Tag Archives: grammar
Shrove Tuesday – le Mardi gras

Shrove Tuesday – le Mardi gras

  le carnaval de la mi-carême, Nantes (France) – photograph: MaxPPP/France-Soir         Shrovetide is the period comprising Quinquagesima Sunday, or Shrove Sunday, and the two following days, Shrove Monday and Shrove Tuesday. It immediately precedes Ash Wednesday, the beginning of Lent. (Quinquagesima is short for ecclesiastical Latin quinquagesima dies, fiftieth day, because, […]

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to run amok

    MEANING   The adverb amok, also spelt amuck, is used in the phrase to run amok, which means to behave uncontrollably and disruptively.     ORIGIN   Via Spanish amuco and Portuguese amouco, amok is from a Malay word thus defined by Charles Payson Gurley Scott in The Malayan Words in English (1897): āmuḳ, […]

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pilgrim

pilgrim

  Canterbury Cathedral     The Latin adjective pereger/-gris, composed of per, through, and ager/agri, a field, a land, literally meant who has gone through lands, hence who is on a journey, away from home. From this adjective was derived the adverb peregri, peregre, meaning abroad, and to, or from, foreign parts. This in turn […]

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jewel – bijou

jewel – bijou

  Horace Walpole (circa 1756-57), by Sir Joshua Reynolds image: National Portrait Gallery       The noun jewel, which dates back to the late 13th century, is from Old French and Anglo-Norman forms such as juel, jeuiel, jouel, joyel, etc. The plural forms were juaux, jeuiauls, jouaux, joyaulx, etc. This is why the modern […]

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to eavesdrop

    MEANING   to listen secretly to a conversation     ORIGIN   The obsolete noun eavesdrop denoted the dripping of water from the eaves of a building and the space of ground which is liable to receive the rain-water thrown off by the eaves of a building. This noun, which dates back to […]

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motherese

motherese

  Elissa Lee Newport – image: The Franklin Institute       In social psychology and linguistics, motherese, or Motherese, denotes a simplified form of language used especially by mothers in speaking to babies and young children, characterised by repetition, simple sentence structure, limited vocabulary, onomatopoeia, and expressive intonation. This term is composed of the […]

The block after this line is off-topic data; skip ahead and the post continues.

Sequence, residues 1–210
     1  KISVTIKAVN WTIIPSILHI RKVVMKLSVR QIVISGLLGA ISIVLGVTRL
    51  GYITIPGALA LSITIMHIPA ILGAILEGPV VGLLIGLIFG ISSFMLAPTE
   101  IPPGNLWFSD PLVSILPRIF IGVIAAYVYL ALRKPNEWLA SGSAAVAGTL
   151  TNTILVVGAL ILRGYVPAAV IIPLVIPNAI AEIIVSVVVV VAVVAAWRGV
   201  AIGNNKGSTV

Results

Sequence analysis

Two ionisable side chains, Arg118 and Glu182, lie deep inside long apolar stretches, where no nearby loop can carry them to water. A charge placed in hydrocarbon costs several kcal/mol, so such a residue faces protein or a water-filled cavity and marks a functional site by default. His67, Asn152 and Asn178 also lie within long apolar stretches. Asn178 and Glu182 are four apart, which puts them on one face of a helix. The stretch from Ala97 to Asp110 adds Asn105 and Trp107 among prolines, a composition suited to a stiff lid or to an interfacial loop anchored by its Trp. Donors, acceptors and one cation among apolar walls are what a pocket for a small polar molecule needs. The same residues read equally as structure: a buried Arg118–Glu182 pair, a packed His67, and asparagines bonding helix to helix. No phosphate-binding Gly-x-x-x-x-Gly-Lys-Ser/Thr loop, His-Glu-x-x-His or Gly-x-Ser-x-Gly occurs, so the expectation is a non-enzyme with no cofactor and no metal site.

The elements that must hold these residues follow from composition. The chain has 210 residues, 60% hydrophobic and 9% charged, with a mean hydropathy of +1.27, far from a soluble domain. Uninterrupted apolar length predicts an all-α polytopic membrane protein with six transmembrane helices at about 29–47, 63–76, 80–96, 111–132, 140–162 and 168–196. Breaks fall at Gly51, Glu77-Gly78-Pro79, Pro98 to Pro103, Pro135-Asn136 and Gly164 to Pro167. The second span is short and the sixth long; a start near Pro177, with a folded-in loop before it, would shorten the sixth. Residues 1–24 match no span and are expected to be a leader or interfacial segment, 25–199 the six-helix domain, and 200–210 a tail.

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‘Noel’

      MEANINGS   – Noel, or Noël: Christmas, especially on Christmas cards and as a refrain in carols – noel, or noël: a Christmas carol     ORIGIN   This noun is from Anglo-Norman and Middle French forms such as Noël, Noel (modern French Noël), variants of forms such as Naël, Nael, first attested […]

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glamour

      MEANING   an attractive or exciting quality that makes certain people or things seem appealing     ORIGIN   It was originally a Scottish alteration of grammar. The noun grammar is from Old French forms such as gramaire (modern French grammaire), from Latin grammatica (ars), from Greek γραμματική (τέχνη) (= grammatike (tekhne)), […]

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thoughtlet

thoughtlet

  Robert Browning (circa 1888)       The noun thoughtlet, composed of the noun thought and the diminutive suffix -let (as in booklet), denotes a small or insignificant thought. Its first known user is the English poet Ebenezer Elliott (1781-1849) in Peter Faultless to his Brother Simon (1820): Is there a sage of titum-tumti […]

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nonplus

    MEANING   a state in which one is unable to proceed or decide; inability to say or do more; a state of perplexity or puzzlement     ORIGIN   From scholastic disputation, this noun is from Latin non plus, meaning not more, no further, composed of non, not, and plus, more. It is […]

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